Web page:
Defend Truth


Sugar tax: Attacking funding is not a counter-argument

Ivo Vegter is a columnist and the author of Extreme Environment, a book on environmental exaggeration and how it harms emerging economies. He writes on this and many other matters, from the perspective of individual liberty and free markets.

Fin24 recently claimed to have “exposed” private funding for a research paper by the Institute for Race Relations on the government’s proposed sugar tax, notably from Coca-Cola. It also implicated me, although not by name.

In dramatic words and bold capital letters, Fin24’s Adiel Ismail recently revealed that Coca-Cola provided funding for a research paper by the Institute for Race Relations (IRR), about the likely effects of the government’s tax on sugar-sweetened beverages.

The reason Fin24 can reveal this is that all it took was a phone call to the IRR’s CEO Frans Cronjé, who promptly provided the “exposed” information. Although the question was almost certainly prompted by the pro-sugar tax lobby, it was hardly a big secret. Despite being entirely forthcoming, the Fin24 article essentially dismissed the IRR’s report, implying that the source of funding may have influenced the outcome of the research. This is an attack on the IRR’s integrity and credibility that is not supported by any actual evidence.

The story notes that Coca-Cola is the only brand mentioned in the IRR paper, without mentioning the stated reason why: a simple calculation from the proposed tax rate per gram of sugar shows that it is benchmarked to Coca-Cola, which would increase in price by exactly 20%, unlike any other sugar-sweetened beverage. Since the tax proposal is based on the sugar content of Coca-Cola, it makes sense to analyse the proposal in exactly those terms.

The article goes on to state unsupported platitudes about the importance of preventing non-communicable diseases like obesity and diabetes, and uncritically repeats claims made in the study on which the government’s tax proposal was based.

The IRR wrote a strongly-worded response, accusing Fin24 of failing to engage with the substance of the report, in favour of a smear campaign.

The Fin24 article also implicated me, although not by name:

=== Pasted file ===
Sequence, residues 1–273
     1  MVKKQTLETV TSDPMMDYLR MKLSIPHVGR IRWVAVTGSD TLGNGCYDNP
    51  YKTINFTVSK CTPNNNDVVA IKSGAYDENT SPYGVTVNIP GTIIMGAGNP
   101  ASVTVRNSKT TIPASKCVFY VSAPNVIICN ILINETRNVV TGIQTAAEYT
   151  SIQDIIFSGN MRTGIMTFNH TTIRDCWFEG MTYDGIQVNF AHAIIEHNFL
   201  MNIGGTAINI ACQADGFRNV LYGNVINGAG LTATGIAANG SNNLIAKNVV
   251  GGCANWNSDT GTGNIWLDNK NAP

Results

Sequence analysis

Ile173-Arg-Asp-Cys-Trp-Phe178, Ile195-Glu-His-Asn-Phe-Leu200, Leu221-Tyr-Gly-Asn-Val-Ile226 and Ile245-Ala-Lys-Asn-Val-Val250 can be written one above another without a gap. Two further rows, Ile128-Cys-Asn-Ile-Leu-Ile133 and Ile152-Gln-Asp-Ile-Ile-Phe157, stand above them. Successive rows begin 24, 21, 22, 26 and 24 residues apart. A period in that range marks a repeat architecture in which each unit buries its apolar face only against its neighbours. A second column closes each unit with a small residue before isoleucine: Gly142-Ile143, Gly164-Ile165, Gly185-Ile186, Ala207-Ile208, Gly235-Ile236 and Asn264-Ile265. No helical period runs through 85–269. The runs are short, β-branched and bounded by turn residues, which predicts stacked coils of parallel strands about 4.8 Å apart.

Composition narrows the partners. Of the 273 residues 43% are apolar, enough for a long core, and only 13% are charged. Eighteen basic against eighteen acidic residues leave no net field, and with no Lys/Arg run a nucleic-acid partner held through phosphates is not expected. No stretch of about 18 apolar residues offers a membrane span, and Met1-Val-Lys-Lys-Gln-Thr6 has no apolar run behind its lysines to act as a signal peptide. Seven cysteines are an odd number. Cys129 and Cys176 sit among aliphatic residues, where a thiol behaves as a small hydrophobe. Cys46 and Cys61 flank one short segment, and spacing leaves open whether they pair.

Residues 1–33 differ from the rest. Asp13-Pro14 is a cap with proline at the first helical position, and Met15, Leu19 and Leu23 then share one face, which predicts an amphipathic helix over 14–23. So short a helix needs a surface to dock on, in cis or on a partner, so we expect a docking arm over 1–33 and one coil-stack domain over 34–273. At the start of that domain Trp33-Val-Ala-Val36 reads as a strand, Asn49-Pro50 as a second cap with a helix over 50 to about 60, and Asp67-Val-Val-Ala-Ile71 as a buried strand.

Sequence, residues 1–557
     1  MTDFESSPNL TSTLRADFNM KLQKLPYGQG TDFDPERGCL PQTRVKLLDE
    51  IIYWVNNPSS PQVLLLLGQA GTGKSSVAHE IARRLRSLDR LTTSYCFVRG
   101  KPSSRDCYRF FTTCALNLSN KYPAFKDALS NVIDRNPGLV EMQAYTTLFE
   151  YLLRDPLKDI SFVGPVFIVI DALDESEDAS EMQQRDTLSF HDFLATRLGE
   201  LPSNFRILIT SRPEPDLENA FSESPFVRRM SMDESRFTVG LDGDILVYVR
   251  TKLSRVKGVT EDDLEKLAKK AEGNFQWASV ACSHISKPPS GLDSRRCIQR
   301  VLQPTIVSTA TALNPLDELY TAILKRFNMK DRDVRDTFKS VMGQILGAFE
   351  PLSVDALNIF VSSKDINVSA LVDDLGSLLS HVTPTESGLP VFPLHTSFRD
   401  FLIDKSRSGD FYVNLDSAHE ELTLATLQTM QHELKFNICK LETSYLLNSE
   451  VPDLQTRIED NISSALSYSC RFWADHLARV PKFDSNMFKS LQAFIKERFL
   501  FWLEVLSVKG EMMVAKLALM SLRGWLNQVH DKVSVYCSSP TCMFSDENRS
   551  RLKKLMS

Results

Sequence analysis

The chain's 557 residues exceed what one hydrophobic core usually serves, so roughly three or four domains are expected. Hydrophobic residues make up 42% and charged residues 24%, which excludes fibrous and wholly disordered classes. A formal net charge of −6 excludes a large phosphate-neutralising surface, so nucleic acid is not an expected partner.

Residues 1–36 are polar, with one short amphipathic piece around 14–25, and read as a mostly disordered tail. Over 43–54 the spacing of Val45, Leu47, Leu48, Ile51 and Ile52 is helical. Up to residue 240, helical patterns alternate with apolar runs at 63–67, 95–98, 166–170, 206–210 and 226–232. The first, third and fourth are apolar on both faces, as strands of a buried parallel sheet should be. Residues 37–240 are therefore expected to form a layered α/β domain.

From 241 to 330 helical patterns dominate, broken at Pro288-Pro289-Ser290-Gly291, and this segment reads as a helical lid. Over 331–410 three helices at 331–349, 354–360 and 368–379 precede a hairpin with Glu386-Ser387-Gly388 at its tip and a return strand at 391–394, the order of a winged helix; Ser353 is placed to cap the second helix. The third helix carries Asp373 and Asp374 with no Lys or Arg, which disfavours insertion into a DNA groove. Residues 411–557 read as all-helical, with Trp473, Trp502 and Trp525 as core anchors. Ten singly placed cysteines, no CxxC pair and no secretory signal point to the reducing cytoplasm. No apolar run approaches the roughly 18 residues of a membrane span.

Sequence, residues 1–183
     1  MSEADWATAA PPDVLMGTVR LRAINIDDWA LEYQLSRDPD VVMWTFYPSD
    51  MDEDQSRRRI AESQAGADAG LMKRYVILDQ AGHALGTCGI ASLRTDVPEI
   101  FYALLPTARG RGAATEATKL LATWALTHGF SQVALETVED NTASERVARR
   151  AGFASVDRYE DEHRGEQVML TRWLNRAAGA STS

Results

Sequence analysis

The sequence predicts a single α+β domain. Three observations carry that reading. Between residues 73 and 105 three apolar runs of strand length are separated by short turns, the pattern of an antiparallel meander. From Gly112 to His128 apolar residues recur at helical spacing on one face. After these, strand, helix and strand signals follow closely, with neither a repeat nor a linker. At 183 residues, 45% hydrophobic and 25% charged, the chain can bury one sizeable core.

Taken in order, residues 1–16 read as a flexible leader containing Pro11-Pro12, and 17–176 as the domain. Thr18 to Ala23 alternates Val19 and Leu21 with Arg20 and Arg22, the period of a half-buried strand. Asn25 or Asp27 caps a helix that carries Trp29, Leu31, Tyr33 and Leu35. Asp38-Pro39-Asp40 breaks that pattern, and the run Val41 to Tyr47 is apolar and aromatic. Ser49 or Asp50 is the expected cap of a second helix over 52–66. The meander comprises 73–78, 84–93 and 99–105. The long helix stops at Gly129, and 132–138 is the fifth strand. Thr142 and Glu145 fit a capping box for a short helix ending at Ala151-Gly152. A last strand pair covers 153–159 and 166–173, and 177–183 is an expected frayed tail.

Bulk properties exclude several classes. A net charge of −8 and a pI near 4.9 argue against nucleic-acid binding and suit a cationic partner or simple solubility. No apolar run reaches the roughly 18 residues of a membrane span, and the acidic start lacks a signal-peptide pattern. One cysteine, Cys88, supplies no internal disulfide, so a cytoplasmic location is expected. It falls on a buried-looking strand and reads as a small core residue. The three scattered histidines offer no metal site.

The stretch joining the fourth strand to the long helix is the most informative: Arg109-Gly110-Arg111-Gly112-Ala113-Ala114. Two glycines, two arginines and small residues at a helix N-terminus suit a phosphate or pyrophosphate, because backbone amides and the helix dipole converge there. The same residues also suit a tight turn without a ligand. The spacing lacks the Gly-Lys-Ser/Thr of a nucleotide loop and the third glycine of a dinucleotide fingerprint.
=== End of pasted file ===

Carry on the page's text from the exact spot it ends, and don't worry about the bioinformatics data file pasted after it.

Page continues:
“The IRR policy paper further casts doubt on the Manyema paper through citing the arguments of a columnist that appeared in a respected publication. However, on closer inspection it appears the columnist was commissioned by the IRR.”

Their “closer inspection” may have discovered the prominent disclosure at the end of each of my most recent two columns on the sugar tax, stating that they were based on research commissioned by the IRR, but they failed to discover the very next statement, which is that I was commissioned only after my first column on the subject appeared. The IRR commissioned me on 4 August 2016, more than three weeks after I took a public position in my first column on the sugar tax in Daily Maverick on 12 July 2016. I did not reach a position because they commissioned me. They commissioned me because of my position.

The IRR’s request to me was that I conduct further research to substantiate and elaborate on the views I had already expressed. Its head of policy research, Anthea Jeffery, would then draw on my research, among other sources, for her paper.

At no time was I instructed what to write, nor did I have any contact whatsoever with the funder. Having worked for the IRR before, writing policy articles for a former IRR division called Good Governance Africa, and a research paper on indoor air quality, I was – and remain – satisfied with the integrity of the organisation and its research. I was just as insulated from the interests of any private funders as I am insulated from Daily Maverick’s advertisers by its publisher.

Of course, like most journalists, the Fin24 reporter’s own pay cheque is funded in large part by private advertisers. Even more revealing is that Rachel Jafta, the chairperson of Fin24’s parent company Media24, is herself not only a member of the IRR, but also the founder of Econex, a consulting firm that provides services to large clients in South Africa.

Econex also published a research paper, in which it concludes much the same as the IRR did, namely that “the statistical evidence in Manyema et al. does not support the argument that a sugar tax will  reduce obesity,” and that such a tax “is unlikely to achieve its goals”. (Manyema et al. refers to the academic paper on which the government based its sugar tax proposal, and which came under fire in the IRR paper.)